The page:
By Archie Foster, Director of Equity Research, Citi Investment Management
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We are finding opportunities in cobots and sensor technology
We are increasingly surrounded by automation and this trend is expected to accelerate as technologies evolve in the coming years. While “automation” encompasses many areas of the economy and life – everything from the potential of autonomous driving to remotely adjusting the temperature in your home to automated warehouses– the area of automation that conjures up the most fantastical and futuristic images is robotics.
While people are beginning to become aware of the profound social and economic effects that increased automation may have, there seems to be more general discussion versus practical preparation taking place at the moment. However, we see no reason why investors should do the same and believe that the time to begin building exposure to automation is now.
Robots have actually been with us for years, with the majority of them deployed to the auto sector and other heavy industry. These robots have tended to be very large, generally dangerous to those working around them (many need to be caged), not particularly “smart” (only programmable for predictive, highly repetitive tasks), and quite expensive, but nonetheless growth has been robust at about 16% per year since 2010.
However, with the advancements in sensing technology (i.e., force control), semiconductors, and software (visual identification and measurement) the robot industry is changing. We believe that we are at or nearing an inflection point at which robots become smaller, “smarter” (easier to program, able to learn), more nimble and less expensive, thus allowing their use in much more diverse processes in both manufacturing and service industries.
This shift from large robots to more nimble “cobots” – collaborative robots – has the potential to lead to productivity gains and cost reductions in diverse sectors of the economy in the coming decade. Focusing on the robot itself is easy to do, but it is worth remembering that the machine, and its evolution, is really dependent on its components and software that allow the machine to perform increasingly complex and fine tasks and learn and report as it goes. Without these, the machine is just a hunk of metal. As investors, we certainly focus on the robot makers themselves – but we are perhaps even more interested in companies that make the sensors and software that allow the robots to evolve, collaborate, and report.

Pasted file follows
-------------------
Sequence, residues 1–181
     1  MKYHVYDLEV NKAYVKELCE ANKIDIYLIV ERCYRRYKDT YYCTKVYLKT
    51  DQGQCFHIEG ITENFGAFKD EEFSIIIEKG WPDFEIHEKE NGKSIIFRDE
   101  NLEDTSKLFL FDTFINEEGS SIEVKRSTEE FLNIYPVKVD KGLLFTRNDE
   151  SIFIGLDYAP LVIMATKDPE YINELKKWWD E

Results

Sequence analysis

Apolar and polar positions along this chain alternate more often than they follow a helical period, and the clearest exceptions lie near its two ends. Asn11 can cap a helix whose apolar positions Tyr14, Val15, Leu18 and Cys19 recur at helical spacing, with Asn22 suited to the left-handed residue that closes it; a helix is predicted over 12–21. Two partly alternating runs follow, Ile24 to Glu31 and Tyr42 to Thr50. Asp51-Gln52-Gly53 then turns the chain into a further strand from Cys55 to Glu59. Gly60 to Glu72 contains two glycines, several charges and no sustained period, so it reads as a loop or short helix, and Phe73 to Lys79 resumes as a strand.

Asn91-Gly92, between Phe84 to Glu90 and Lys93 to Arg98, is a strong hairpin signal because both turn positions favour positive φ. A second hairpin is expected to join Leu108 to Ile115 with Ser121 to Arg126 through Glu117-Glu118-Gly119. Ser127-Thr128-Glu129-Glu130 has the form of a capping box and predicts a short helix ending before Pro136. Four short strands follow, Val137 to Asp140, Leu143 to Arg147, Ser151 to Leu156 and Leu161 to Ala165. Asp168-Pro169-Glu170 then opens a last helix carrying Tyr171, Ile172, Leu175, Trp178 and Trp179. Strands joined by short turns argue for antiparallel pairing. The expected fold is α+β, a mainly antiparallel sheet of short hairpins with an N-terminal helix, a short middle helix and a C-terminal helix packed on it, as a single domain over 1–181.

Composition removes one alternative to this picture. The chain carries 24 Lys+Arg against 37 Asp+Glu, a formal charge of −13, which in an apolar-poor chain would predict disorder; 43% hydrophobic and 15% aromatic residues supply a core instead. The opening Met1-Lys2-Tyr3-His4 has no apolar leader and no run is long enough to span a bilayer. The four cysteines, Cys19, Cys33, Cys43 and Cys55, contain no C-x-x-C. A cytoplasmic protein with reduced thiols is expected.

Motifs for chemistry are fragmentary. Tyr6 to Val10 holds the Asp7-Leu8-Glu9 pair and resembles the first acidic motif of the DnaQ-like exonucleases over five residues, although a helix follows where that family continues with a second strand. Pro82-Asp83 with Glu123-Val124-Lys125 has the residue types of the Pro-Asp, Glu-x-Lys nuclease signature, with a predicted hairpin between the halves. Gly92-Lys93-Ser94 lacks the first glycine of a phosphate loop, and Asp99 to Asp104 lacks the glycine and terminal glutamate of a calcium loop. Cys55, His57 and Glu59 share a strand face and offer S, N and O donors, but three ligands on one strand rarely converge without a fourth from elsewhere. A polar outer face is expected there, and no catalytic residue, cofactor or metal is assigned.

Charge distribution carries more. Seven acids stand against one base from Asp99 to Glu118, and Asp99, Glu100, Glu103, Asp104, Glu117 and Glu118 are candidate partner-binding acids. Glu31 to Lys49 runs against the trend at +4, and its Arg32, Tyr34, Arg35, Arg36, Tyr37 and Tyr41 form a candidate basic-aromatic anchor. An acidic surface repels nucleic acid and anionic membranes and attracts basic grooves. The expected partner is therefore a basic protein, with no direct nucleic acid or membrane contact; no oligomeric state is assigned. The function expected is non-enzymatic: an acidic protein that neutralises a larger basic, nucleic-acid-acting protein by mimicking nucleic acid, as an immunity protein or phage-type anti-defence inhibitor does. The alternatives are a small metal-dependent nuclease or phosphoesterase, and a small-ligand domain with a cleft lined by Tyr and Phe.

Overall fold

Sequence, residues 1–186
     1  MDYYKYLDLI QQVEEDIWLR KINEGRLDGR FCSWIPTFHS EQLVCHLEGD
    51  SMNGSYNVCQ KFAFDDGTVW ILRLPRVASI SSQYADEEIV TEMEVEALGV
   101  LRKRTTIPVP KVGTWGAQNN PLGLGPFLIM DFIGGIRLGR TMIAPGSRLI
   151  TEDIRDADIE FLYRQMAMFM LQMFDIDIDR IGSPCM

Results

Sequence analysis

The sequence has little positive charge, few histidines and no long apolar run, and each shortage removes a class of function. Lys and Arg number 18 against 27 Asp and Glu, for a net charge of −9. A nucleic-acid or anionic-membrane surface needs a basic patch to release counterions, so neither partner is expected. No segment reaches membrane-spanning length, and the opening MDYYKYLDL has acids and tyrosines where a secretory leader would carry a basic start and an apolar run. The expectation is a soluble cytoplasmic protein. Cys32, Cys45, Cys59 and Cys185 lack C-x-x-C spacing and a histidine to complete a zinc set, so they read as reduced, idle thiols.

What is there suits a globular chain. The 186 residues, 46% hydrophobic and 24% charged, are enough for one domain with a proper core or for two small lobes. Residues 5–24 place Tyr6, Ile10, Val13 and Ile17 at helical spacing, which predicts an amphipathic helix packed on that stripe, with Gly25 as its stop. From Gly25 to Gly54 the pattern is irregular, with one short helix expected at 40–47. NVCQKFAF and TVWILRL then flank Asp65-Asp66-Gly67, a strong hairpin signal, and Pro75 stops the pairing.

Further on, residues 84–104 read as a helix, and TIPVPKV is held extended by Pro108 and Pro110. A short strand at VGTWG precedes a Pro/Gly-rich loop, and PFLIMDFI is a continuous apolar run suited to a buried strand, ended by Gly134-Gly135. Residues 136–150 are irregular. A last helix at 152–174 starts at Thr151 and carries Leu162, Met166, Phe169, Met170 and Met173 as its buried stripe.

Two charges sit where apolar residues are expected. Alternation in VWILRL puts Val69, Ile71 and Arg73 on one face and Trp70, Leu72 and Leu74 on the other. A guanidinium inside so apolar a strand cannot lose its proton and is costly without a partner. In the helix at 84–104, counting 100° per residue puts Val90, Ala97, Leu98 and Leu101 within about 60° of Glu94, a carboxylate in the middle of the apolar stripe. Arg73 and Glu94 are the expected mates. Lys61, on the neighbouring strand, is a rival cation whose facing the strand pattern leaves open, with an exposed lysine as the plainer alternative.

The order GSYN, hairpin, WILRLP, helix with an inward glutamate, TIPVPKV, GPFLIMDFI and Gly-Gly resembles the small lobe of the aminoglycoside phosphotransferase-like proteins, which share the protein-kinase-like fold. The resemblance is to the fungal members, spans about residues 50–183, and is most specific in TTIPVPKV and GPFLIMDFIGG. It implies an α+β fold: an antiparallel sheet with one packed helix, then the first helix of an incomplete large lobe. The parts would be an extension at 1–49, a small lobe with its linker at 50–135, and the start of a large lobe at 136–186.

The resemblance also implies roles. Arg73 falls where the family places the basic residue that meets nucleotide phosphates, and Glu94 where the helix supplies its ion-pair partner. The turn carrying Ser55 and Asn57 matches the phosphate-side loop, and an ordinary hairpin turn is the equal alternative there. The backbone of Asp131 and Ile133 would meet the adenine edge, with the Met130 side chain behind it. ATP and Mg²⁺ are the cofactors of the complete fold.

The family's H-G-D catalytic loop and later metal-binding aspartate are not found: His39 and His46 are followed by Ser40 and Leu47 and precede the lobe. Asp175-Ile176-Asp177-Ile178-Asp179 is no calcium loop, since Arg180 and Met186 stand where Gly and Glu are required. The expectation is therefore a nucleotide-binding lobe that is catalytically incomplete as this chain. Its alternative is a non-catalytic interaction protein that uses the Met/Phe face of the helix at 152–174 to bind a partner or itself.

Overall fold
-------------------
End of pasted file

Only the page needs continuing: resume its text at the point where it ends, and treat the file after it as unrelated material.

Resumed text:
We see the potential for cobots to evolve from novelty acts to a more pervasive presence in our everyday lives – perhaps as the fast food burger flipper, barista, parcel picker, co-pilot/conductor – but to get to this point sensing, semiconductors, and software must each evolve as well. Importantly, we believe these functions are evolving and we see long term opportunities in companies that are leaders in these verticals. Additionally, focusing on the “guts” of the robot allows one to expand exposure beyond robotics into the much broader automation theme.
With regard to the “guts,” one area of focus is sensing technology, particularly the evolution of the sensors themselves, the related software, and wireless networks which allow all manners of devices to become connected. One area that’s front and center in terms of growth of sensing technology is the automotive industry, where the pace of evolution has been rapid. We are already ceding more and more control of the car to the car itself which has been enabled by advancements in sensing technology.
Consider a car bought in 2010: it may have had some sort of lane departure warning or flashing light to warn a driver of a car in their blind spot. Today, many cars are able to not only warn the driver of danger but actually take control from the driver (lane departure, autonomous breaking) in dangerous situations. The technology is now evolving towards convenience features like self-parking and adaptive cruise control.
We expect solid growth in auto-related sensing technology for years to come as we drive towards full autonomy which will require more and more sensing-related content, allowing growth even in a stagnant auto market. With that said, autos and robots are not the only sensing-related areas of focus: while the growth in sensor content is indeed quite strong in these areas, we are seeing robust growth in areas like warehouse automation, HVAC, lighting, and even home appliances as more parts of “everyday life” become automated or remotely controllable.
While risk tolerance, equity valuations, and economic cycles must be taken into account, we believe the technology-related themes we see today are secular in nature and should be part of a long-term core portfolio solution.